[Numpy-discussion] Concepts for masked/missing data

Matthew Brett matthew.brett@gmail....
Sat Jun 25 11:26:25 CDT 2011


Hi,

On Sat, Jun 25, 2011 at 5:05 PM, Nathaniel Smith <njs@pobox.com> wrote:
> So obviously there's a lot of interest in this question, but I'm
> losing track of all the different issues that've being raised in the
> 150-post thread of doom. I think I'll find this easier if we start by
> putting aside the questions about implementation and such and focus
> for now on the *conceptual model* that we want. Maybe I'm not the only
> one?
>
> So as far as I can tell, there are three different ways of thinking
> about masked/missing data that people have been using in the other
> thread:
>
> 1) Missingness is part of the data. Some data is missing, some isn't,
> this might change through computation on the data (just like some data
> might change from a 3 to a 6 when we apply some transformation, NA |
> True could be True, instead of NA), but we can't just "decide" that
> some data is no longer missing. It makes no sense to ask what value is
> "really" there underneath the missingness. And It's critical that we
> keep track of this through all operations, because otherwise we may
> silently give incorrect answers -- exactly like it's critical that we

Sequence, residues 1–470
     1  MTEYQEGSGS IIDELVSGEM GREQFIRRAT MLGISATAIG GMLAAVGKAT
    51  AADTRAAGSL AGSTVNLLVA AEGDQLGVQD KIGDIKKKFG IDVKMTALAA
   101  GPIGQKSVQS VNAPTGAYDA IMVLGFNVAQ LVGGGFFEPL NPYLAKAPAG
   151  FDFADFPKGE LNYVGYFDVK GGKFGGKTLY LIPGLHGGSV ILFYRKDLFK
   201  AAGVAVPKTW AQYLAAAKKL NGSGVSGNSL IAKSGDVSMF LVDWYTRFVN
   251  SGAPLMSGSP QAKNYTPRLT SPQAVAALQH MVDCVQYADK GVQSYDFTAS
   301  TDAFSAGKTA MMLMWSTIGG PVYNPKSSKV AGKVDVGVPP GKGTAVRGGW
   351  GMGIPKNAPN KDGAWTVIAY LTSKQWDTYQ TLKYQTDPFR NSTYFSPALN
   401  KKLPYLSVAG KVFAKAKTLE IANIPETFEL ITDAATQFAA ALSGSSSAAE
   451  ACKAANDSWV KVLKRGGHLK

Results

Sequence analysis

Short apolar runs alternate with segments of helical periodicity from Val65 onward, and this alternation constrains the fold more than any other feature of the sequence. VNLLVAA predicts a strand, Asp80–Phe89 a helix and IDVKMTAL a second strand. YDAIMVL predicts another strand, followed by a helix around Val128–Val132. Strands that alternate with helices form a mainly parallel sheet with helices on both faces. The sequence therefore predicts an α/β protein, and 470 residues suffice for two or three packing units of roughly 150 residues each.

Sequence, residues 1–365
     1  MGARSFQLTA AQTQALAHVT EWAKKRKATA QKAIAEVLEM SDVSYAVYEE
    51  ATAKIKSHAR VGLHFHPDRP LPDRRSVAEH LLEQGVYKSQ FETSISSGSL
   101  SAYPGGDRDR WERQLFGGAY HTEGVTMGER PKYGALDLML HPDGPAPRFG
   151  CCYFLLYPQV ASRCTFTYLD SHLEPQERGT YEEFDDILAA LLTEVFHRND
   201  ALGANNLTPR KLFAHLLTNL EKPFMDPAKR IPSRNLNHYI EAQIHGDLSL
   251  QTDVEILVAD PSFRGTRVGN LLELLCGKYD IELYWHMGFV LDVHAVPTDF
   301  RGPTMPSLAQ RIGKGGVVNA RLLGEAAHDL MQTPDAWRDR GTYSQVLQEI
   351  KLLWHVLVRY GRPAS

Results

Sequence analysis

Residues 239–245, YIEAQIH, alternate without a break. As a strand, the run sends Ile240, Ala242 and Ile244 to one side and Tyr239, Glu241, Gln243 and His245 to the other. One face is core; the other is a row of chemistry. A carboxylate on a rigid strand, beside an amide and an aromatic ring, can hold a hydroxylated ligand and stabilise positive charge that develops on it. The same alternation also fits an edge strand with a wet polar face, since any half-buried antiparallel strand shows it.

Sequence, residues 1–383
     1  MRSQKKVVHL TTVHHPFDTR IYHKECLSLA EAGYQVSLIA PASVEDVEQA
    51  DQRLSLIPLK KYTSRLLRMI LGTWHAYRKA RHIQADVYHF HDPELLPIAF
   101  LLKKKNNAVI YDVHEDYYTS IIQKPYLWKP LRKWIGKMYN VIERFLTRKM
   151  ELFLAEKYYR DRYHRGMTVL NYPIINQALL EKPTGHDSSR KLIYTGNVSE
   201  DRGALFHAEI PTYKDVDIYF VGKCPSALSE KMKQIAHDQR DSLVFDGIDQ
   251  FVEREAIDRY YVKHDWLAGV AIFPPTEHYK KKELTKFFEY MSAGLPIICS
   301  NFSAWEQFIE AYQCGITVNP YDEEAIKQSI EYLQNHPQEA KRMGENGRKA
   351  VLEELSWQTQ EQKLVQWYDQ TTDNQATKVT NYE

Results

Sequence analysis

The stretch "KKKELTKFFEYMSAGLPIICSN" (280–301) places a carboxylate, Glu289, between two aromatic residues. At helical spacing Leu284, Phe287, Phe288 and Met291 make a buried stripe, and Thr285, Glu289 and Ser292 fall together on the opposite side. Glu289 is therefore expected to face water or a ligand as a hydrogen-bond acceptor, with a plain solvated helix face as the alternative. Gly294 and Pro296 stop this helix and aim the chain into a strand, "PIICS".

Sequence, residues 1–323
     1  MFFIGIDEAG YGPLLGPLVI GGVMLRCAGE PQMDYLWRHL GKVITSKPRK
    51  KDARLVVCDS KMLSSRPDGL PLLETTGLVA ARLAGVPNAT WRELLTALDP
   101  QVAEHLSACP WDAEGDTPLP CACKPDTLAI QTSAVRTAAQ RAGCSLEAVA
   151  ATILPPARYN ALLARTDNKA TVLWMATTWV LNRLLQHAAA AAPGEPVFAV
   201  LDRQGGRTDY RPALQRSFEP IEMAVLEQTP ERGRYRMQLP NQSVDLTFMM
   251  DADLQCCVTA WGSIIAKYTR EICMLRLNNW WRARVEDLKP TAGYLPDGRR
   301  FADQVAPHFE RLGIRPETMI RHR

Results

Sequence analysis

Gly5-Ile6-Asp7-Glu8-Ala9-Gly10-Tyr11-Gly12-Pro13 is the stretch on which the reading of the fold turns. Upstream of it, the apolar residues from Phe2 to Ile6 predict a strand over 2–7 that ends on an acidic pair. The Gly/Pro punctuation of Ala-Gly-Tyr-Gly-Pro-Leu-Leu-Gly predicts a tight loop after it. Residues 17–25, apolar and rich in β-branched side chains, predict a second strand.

> keep track of the difference between 3 and 6.

So far I see the difference between 1) and 2) being that you cannot
unmask.  So, if you didn't even know you could unmask data, then it
would not matter that 1) was being implemented by masks?

> 2) All the data exists, at least in some sense, but we don't always
> want to look at all of it. We lay a mask over our data to view and
> manipulate only parts of it at a time. We might want to use different
> masks at different times, mutate the mask as we go, etc. The most
> important thing is to provide convenient ways to do complex
> manipulations -- preserve masks through indexing operations, overlay
> the mask from one array on top of another array, etc. When it comes to
> other sorts of operations then we'd rather just silently skip the
> masked values -- we know there are values that are masked, that's the
> whole point, to work with the unmasked subset of the data, so if sum
> returned NA then that would just be a stupid hassle.

To clarify, you're proposing for:

a = np.sum(np.array([np.NA, np.NA])

1) -> np.NA
2) -> 0.0

?

> But that's just my opinion. I'm wondering if we can get any consensus
> on which of these we actually *want* (or maybe we want some fourth
> option!), and *then* we can try to figure out the best way to get
> there? Pretty much any implementation strategy we've talked about
> could work for any of these, but hard to decide between them if we
> don't even know what we're trying to do...

I agree it's good to separate the API from the implementation.   I
think the implementation is also important because I care about memory
and possibly speed.  But, that is a separate problem from the API...

Cheers,

Matthew


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